His performances over the next month will be critical in deciding whether or not United are able to crown themselves champions of England for a 20th time.
Although United have many other attacking outlets, one thing has been pretty consistent in the last six years: If Rooney isn't scoring, United aren't scoring.
Rooney's goals normally make up roughly 35 to 40 percent of the tally you would be expecting United to bag every season.
The Liverpudlian needs to be on the very top of his game at the close of this year's campaign to ensure glory for Sir Alex's men.
This is, without a doubt, the most important game of the English season so far.
In fact, it may well now be the most important Manchester Derby of all time.
If United pull off an upset and take home the spoils, then with just two matches left, City will trail by a whopping six points—a practically impossible margin to drag back.
However, a win for City lifts them back to the top of the league on goal difference, putting the outcome of the title very much in their hands.
A draw is definitely a more favourable result for United that their rivals—maintaining that three-point gap with just two fixtures left.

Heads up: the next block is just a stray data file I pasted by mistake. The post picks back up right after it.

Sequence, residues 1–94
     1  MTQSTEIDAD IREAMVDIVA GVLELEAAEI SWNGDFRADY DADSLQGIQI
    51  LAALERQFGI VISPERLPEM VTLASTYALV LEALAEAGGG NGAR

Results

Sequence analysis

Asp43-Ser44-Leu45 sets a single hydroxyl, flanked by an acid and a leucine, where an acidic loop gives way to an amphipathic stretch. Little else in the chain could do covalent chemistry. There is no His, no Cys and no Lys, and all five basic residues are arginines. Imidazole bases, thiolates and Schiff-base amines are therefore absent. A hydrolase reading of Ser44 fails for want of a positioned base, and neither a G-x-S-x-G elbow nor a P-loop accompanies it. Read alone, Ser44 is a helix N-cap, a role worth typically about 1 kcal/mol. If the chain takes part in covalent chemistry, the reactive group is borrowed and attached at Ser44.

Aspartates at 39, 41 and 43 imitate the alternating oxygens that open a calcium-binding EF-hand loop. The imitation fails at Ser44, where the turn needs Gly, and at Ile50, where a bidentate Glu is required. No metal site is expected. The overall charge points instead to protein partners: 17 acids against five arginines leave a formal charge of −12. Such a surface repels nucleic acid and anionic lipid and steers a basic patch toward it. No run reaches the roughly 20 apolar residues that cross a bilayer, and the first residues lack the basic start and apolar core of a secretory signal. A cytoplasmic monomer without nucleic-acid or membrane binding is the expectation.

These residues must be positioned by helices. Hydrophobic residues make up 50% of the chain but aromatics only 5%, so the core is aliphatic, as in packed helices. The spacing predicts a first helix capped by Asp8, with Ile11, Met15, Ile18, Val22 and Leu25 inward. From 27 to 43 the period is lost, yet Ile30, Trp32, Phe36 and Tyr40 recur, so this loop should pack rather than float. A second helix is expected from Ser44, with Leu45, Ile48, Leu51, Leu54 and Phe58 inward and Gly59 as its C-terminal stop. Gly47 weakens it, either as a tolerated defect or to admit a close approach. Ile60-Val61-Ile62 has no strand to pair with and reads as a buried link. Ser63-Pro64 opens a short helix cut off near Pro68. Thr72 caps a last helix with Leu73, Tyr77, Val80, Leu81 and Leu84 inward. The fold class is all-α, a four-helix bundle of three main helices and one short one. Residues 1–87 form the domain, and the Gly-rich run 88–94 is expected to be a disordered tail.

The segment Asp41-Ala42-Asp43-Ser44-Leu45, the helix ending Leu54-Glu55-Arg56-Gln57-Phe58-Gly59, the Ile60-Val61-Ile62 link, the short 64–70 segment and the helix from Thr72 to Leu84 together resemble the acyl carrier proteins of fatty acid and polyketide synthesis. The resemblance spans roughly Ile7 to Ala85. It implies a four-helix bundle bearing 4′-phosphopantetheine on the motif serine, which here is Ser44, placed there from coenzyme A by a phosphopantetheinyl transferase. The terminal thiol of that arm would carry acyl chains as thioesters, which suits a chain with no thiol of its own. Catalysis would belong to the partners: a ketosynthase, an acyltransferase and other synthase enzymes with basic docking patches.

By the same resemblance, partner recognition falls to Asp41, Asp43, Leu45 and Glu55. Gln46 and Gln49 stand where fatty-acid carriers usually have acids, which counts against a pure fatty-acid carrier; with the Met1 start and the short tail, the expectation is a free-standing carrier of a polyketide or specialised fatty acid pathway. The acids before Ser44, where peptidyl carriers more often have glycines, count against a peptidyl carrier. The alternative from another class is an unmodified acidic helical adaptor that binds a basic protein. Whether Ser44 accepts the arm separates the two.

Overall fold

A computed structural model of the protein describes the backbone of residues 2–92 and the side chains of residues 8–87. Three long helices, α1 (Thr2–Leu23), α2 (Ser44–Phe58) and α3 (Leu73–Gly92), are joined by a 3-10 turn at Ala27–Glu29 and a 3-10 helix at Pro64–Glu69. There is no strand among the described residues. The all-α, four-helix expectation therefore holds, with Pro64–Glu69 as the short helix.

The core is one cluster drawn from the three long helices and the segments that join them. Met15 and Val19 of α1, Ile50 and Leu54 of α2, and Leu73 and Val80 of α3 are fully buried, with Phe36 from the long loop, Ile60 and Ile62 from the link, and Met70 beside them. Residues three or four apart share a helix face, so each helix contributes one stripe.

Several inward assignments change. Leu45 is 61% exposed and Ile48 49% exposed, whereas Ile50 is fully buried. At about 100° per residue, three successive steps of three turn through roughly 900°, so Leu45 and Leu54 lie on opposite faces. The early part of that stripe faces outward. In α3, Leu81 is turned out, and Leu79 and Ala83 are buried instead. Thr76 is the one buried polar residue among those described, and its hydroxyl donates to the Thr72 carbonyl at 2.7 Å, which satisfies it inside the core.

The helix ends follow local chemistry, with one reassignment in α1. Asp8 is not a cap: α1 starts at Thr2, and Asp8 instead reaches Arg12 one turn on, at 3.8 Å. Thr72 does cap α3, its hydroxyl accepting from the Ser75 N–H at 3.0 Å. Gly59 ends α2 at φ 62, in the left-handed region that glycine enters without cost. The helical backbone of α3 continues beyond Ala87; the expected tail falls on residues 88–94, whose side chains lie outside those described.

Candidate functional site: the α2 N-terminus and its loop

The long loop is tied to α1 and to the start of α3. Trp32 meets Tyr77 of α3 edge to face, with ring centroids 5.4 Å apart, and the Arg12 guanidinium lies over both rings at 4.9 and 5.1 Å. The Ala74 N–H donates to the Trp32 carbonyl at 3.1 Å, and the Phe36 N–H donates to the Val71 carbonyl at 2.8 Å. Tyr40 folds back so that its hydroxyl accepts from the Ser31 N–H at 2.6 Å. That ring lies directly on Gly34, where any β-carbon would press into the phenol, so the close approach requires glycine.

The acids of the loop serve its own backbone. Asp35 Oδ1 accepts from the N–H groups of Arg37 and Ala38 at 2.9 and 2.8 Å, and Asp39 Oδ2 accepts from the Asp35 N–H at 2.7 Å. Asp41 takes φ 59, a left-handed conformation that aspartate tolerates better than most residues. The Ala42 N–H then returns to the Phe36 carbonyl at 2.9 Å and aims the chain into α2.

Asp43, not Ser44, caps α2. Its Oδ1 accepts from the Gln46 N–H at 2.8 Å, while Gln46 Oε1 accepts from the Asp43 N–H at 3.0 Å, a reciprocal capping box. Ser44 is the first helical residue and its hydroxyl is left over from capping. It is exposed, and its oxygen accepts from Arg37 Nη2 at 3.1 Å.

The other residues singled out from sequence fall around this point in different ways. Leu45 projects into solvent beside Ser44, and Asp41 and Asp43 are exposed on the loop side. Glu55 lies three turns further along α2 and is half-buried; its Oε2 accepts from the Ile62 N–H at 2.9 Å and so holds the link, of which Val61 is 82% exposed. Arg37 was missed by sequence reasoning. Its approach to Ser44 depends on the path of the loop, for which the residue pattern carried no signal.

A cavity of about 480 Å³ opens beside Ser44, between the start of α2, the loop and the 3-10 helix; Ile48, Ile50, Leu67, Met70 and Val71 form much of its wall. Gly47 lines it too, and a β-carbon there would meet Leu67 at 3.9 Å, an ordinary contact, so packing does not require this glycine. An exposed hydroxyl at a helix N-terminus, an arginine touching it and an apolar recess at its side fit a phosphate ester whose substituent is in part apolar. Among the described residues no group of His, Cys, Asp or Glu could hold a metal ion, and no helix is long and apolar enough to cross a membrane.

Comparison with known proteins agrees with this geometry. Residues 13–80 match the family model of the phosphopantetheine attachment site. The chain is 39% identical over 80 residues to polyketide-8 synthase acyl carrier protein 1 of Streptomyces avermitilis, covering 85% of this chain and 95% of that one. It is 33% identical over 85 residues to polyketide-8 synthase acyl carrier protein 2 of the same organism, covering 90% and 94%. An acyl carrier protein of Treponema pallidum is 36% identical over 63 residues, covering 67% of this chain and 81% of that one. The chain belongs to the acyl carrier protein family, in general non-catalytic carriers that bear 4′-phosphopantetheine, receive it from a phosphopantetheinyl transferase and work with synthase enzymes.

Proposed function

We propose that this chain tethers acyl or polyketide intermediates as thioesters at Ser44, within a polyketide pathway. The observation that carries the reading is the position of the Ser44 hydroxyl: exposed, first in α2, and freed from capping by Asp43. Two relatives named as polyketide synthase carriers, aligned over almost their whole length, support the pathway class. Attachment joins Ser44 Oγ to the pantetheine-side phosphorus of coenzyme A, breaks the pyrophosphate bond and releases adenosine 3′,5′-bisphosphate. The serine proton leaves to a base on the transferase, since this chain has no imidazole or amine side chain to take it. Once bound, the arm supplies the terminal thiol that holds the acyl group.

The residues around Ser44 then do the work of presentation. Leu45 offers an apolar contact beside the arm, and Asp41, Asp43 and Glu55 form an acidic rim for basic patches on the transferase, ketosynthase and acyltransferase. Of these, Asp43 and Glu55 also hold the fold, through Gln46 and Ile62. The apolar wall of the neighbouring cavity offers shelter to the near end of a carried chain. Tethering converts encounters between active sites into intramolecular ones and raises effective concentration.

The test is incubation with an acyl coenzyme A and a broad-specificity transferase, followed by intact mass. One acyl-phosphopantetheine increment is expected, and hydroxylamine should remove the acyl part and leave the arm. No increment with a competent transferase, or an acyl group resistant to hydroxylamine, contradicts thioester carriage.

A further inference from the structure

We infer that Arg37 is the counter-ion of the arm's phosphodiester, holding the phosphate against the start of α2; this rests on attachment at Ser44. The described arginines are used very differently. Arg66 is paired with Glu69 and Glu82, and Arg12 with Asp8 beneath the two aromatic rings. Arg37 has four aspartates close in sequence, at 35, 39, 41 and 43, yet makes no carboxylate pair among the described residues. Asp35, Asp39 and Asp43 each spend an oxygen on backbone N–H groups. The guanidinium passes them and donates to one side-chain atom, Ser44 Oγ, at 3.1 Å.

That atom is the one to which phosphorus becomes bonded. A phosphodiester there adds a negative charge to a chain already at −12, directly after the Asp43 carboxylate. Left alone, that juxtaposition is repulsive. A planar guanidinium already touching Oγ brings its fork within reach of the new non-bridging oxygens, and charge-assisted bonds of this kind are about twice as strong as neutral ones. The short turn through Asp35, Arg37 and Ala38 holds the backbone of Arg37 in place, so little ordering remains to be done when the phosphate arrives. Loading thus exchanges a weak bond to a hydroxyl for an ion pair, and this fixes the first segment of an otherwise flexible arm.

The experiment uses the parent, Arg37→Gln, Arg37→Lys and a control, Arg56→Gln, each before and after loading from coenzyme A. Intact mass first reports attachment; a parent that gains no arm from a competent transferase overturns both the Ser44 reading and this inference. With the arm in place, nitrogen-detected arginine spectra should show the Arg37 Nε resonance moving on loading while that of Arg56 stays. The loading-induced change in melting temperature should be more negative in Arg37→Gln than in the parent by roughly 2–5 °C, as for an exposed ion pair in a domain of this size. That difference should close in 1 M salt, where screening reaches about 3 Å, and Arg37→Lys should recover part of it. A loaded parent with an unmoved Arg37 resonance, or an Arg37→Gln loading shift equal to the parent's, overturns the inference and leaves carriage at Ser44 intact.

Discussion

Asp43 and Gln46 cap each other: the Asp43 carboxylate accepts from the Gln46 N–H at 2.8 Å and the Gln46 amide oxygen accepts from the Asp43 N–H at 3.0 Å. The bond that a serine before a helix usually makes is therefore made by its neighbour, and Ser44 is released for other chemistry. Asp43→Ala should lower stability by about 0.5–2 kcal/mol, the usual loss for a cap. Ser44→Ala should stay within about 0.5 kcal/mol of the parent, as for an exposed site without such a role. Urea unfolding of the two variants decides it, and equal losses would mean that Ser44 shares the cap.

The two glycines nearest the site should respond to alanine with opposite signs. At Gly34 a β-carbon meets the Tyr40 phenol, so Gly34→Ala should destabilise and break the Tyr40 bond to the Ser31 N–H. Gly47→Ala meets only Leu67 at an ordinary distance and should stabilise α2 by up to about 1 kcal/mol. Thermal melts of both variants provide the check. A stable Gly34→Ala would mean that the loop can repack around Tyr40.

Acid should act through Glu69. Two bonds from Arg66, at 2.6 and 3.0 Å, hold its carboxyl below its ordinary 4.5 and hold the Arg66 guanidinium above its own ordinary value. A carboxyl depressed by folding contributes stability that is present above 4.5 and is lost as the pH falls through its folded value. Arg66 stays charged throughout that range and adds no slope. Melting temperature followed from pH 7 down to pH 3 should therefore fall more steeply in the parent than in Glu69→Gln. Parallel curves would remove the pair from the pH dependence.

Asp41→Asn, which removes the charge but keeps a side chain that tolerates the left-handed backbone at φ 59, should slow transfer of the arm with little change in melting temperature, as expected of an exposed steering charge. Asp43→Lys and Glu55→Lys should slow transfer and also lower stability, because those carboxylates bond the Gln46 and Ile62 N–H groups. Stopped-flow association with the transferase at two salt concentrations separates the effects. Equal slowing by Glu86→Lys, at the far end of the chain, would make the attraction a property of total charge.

After the 6-1 demolishing of United at their home in October it would be easy to say that City are expected to win this match.
However, thinking back to Paul Scholes' dramatic return in the 3-2 FA Cup victory at Eastlands, it's far from impossible for United to get something out of this match.
After eight months of blood, sweat and tears, it quite literally all comes down to this Sunday.
Will United maintain their dominance of the English top flight?
Or will City show that they aren't just a load of talk and money, and end that 40-year drought that plagues Manchester's blue half.
In six days, we will find out.